Sitting on the train reading comedian Mark Thomas's book, Extreme Rambling: Walking Israel's Barrier, I'm approached by a young woman who wants to know where to get it. "I'm a fan," she says, "and so is my brother, who lives in Israel. I think it will be interesting, not that there'll be any surprises. He is so pro-Palestinian."
Mark Thomas laughs when I tell him about the exchange: "I'm not pro-Palestinian; I'm just pro-justice." And, he says, he has long been interested in the questions and contradictions besetting the conflict: "When will a people be free and what must a country do to protect itself from suicide bombers?
"I have sympathy with the Palestinian cause but despised the methods of the Second Intifada and for a while switched off about the whole issue. But the war on Gaza in 2008 changed all that."
And so, armed with plasters, white spirit to keep his feet hard, and Kendal Mint Cake, he set off, aware that, unlike his past campaigns (eg stopping a hydro-electric dam being built in Turkey), this one would be unlikely to produce tangible results.
Predictably, Thomas's encounters with Israelis on his 51-day trip were not always comfortable and, along with being tear-gassed and held in custody, he details his discomfort around settlers "on the Israeli side of the fence where the grass is literally greener… you'd be hard-pressed not to notice the sprinklers on Israeli farms while on the Palestinian side there's thin irrigation tubing between the plastic greenhouses."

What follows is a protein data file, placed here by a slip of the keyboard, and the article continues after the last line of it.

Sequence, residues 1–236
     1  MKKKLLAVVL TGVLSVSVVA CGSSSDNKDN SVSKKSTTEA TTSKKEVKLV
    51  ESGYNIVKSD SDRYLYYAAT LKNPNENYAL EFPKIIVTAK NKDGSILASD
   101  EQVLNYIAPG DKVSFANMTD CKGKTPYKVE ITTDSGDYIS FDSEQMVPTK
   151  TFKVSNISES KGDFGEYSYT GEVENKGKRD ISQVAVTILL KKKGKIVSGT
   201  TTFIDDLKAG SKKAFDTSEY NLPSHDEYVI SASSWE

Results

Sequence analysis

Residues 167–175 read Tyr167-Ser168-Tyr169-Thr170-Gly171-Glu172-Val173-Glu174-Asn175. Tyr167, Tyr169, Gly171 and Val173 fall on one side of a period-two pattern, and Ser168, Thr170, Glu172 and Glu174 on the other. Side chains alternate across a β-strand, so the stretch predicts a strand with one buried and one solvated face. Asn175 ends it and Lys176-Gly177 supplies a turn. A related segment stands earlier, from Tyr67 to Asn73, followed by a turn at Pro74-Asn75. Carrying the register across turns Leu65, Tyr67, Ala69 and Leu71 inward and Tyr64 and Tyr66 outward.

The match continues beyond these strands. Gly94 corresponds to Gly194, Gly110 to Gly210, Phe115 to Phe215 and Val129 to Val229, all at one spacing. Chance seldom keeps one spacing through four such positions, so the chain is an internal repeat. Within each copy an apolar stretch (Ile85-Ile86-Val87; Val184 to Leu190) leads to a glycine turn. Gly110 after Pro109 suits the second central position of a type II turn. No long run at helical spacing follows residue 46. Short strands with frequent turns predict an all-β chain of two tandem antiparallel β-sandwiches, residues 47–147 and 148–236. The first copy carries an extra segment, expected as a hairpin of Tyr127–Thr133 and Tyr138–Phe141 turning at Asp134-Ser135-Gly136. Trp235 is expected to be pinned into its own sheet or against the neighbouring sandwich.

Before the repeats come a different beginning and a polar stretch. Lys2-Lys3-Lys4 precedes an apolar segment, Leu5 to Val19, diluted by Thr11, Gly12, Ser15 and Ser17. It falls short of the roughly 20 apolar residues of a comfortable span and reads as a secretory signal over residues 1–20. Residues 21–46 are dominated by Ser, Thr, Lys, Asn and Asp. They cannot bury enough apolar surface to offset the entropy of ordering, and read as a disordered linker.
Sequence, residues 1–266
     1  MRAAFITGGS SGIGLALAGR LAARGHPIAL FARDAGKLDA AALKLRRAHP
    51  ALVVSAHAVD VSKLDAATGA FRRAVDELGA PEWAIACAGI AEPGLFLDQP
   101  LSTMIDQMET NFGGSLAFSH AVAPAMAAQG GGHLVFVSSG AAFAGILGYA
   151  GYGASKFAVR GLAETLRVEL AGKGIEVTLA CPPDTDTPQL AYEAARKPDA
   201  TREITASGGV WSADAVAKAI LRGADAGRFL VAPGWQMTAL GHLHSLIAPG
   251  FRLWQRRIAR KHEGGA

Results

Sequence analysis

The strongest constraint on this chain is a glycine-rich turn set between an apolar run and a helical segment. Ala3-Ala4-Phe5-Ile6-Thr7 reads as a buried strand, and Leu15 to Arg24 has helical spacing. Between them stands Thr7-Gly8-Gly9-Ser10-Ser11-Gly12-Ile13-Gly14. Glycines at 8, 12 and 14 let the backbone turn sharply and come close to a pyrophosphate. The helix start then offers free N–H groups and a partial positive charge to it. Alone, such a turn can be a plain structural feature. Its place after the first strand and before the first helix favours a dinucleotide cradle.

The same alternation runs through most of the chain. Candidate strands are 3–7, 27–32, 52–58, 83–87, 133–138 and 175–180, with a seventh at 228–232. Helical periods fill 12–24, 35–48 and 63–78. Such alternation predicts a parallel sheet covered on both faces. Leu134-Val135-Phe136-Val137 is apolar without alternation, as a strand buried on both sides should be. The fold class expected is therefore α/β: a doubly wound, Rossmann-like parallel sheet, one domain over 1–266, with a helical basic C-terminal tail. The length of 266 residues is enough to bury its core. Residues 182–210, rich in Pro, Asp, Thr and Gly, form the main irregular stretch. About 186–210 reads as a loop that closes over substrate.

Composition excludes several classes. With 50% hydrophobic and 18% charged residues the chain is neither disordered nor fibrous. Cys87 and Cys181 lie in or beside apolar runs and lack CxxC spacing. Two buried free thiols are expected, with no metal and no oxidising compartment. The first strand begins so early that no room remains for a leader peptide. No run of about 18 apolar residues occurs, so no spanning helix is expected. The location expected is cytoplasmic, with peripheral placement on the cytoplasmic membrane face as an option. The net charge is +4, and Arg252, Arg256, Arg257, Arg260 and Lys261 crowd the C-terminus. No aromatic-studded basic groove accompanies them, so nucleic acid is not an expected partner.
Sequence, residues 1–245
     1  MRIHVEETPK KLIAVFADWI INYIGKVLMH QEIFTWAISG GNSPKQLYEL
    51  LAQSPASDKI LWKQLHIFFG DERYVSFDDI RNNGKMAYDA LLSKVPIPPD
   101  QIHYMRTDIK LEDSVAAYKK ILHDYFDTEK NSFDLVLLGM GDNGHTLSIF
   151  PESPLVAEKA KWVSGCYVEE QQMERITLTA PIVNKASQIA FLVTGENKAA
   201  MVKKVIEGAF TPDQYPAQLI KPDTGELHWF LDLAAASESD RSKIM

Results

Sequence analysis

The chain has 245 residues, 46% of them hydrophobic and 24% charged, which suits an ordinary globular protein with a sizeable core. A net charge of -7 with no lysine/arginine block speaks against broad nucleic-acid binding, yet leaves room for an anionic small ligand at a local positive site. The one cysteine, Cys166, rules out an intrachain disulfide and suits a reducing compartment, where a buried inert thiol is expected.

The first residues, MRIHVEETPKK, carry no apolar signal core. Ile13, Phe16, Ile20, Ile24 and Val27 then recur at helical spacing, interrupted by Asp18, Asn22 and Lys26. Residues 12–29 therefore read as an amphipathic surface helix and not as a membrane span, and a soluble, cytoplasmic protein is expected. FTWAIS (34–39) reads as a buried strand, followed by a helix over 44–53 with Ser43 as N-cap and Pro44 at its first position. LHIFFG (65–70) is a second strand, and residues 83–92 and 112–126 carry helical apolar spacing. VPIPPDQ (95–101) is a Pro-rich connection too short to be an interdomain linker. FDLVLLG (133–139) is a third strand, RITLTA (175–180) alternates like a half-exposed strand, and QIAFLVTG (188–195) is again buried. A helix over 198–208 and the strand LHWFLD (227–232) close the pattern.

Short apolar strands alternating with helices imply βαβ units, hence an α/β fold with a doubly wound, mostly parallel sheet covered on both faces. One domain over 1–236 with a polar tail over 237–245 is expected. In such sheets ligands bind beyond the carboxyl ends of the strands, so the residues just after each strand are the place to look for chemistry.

Though Thomas's book - and the stage show based on it - is undeniably weighted towards the plight of the Palestinians, it is not a total whitewash. Israeli views and - often moving - stories are included. "I open the book with an Israeli," he says. This is Dror, a shopkeeper in Sdei Trumot, a village north of the West Bank. "Between the shop porch and the highway is a flower bed where a white memorial stone marks the spot where his father was killed by a suicide bomber seven years ago. He was a farmer who ate, drank and worked with Palestinians, but good relations are over now. What interested me most was Dror's take on the Fence: 'If they want to come to make an explosion, they come; the Fence will make it harder but they will find a way.'"
Thomas does strike one note of regret: "A group of Palestinian kids were throwing pebbles at us and calling me, Yahod (Jew) and I told our interpreter to tell them I wasn't Jewish for which I am most ashamed. I'm not Jewish but know something about Jewish culture and have a mate who advises me on Yiddish. But, at that moment, fear took over. When something is frightening, things unravel very quickly."
So did the ramble provide answers to his questions? "I remember meeting this lovely translator for the border patrol and she asked me if I was trying to find a solution. I laughed and told her. 'That's your job. I can't tell you what to do. You have to work it out.' Frankly, I've never been to a place before where so many people answer questions with questions."